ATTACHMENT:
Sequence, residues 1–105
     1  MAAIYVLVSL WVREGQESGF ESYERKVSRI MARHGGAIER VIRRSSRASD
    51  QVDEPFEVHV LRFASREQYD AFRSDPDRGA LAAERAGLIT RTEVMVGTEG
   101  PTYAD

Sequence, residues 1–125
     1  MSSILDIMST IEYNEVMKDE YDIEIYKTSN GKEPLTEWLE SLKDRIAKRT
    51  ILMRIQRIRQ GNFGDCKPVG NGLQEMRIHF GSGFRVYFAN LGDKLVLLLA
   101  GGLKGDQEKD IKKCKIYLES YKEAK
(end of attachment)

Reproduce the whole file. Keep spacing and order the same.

Sequence, residues 1–105
     1  MAAIYVLVSL WVREGQESGF ESYERKVSRI MARHGGAIER VIRRSSRASD
    51  QVDEPFEVHV LRFASREQYD AFRSDPDRGA LAAERAGLIT RTEVMVGTEG
   101  PTYAD

Sequence, residues 1–125
     1  MSSILDIMST IEYNEVMKDE YDIEIYKTSN GKEPLTEWLE SLKDRIAKRT
    51  ILMRIQRIRQ GNFGDCKPVG NGLQEMRIHF GSGFRVYFAN LGDKLVLLLA
   101  GGLKGDQEKD IKKCKIYLES YKEAK